Discovering Donor Characteristics from Bloodstains with Infrared Spectroscopy

Discovering Donor Characteristics from Bloodstains with Infrared Spectroscopy

From interpreting the incident to pinpointing the perpetrator, the presence of blood at a crime scene can provide clues vital to solving a crime.  Since the advent of DNA profiling in the 1980s, police have been able to use DNA to link suspects to crime scenes, making the detection and collection of biological evidence more important than ever before. However successful DNA profiling relies on a positive match with either a DNA profile from a suspect or one stored in a database. With nothing to compare a profile to, the DNA is of limited use and the trail may quickly run cold.

But what if investigators could gain even more information from a bloodstain at a crime scene? What if it were possible to rapidly figure out whether the donor was male or female, or establish their race? And all of this without shipping samples back to the lab.

New research conducted at the University at Albany in New York has demonstrated that it may be possible to establish some individual donor characteristics in a matter of minutes.

Past research has already demonstrated that the biochemical composition of blood differs between males and females and individuals of different races. But the ability to obtain this information on-site at the crime scene in a matter of minutes could change the way body fluids are processed. In a recent study, Prof. Igor Lednev and his team applied a technique known as attenuated total reflection Fourier transform-infrared (ATR FTIR) spectroscopy to blood analysis, with the aim of establishing whether characteristics such as sex and race can be determined from bloodstains.

FTIR is an analytical technique capable of providing information about a material’s chemical information. In brief, the device directs infrared radiation towards the sample. Some of this radiation is absorbed by the material, and some passes through. The sample’s absorbance of this light at different wavelengths is measured and used to determine the material’s chemical information. After analysis a spectrum is produced, which acts as a kind of molecular ‘fingerprint’ of the sample. The different features in the spectrum relate to the different chemical components in the sample.

Infrared spectra were produced by analysing the blood of 30 donors (a mixture of male and females of Caucasian, African American and Hispanic racial origin). From this, researchers could observe any differences occurring between blood from male and females, and blood from members of different races. Using this data, the researchers built a model capable of classifying samples based on their chemical profile. By taking the chemical profile of an unknown bloodstain and comparing it with a model containing bloodstains from numerous different groups, the model can predict the likely classification (i.e. whether the donor was male or female and which racial group they belong to). In this study, it correctly classified bloodstains around 90% of the time.

Using infrared-based techniques has a number of advantages over other methods of analysis. As the technique simply necessitates the direction of light towards the bloodstain, the technique is non-destructive. Inevitably this is perfect for criminal investigations – destroying the evidence is never ideal. IR spectroscopy is also amenable to portability, lending itself well to on-the-go analysis at crime scenes and so potentially saving a lot of time by avoiding sending unnecessary samples back to the lab for analysis.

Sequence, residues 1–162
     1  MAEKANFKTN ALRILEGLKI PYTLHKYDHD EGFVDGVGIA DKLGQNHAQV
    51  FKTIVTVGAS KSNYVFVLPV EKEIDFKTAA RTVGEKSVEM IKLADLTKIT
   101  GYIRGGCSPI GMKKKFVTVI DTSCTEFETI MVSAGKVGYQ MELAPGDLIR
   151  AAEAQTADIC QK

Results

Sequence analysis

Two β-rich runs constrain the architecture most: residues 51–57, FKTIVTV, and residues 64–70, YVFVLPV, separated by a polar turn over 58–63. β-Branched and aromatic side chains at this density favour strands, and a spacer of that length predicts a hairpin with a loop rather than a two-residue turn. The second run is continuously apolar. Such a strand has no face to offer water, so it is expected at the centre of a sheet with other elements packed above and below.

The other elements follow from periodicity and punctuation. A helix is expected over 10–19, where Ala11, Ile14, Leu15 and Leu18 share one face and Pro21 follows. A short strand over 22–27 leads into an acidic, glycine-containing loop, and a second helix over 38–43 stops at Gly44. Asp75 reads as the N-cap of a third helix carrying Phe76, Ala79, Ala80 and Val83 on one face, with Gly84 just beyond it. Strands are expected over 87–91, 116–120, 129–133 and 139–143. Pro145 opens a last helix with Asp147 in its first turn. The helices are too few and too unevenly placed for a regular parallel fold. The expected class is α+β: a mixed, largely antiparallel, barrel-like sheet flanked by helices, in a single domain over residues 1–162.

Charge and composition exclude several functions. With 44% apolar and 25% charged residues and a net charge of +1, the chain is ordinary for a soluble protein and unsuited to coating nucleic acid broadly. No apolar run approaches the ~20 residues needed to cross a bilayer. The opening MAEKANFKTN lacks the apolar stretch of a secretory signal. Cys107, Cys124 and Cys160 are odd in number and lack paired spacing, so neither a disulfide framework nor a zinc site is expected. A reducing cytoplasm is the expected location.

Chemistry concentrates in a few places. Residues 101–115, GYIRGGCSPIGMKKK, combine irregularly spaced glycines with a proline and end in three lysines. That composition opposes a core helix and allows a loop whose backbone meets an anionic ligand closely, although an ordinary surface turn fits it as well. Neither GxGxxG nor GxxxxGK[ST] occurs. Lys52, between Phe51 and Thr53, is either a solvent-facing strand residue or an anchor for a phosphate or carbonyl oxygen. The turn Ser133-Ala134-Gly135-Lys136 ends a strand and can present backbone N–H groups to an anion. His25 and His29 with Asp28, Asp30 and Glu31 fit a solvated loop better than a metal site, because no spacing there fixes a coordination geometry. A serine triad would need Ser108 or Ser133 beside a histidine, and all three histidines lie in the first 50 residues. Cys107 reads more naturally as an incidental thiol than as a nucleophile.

Although only a pilot study, this research has demonstrated the possibility of establishing donor characteristics through the rapid and non-destructive analysis of bloodstains. The ability to determine features such as sex and race would enable police to significantly narrow down the search for suspects or victims, ultimately preserving valuable time and money. Furthermore, the ability of FTIR to non-destructively analyse evidence on-site renders it an ideal tool for forensic analysis. Inevitably a great deal more research will be necessary, and if the technique ever becomes operational, it would be years before such technology and methods were suitable for deployment to crime scenes and use as evidence in criminal trials.

 

Mistek et al. Phenotype profiling for forensic purposes: nondestructive potentially on scene attenuated total reflection Fourier transform-infrared (ATR FT-IR) spectroscopy of bloodstains. Forensic Chemistry. 2019, In Press.

 

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Identifying Insects with Spectroscopy

Identifying Insects with Spectroscopy

Entomology, that is the study of insects, can provide vital information during a forensic investigation. After an individual dies their body begins to undergo a complex decomposition process almost immediately, attracting a variety of insects along the way who wish to colonise, feed on the temptingly putrefying remains and reproduce.

Specialists have been taking advantage of this fact for hundreds of years, allowing us to discover that the types of insects present on a cadaver and the age of these insects can prove invaluable in estimating how much time has passed since the victim died (known as the post-mortem interval). Simply put, certain species prefer the decomposing corpse at different stages in the decay process, and with the right information, investigators can study the insects and their ages and begin to develop a kind of timeline.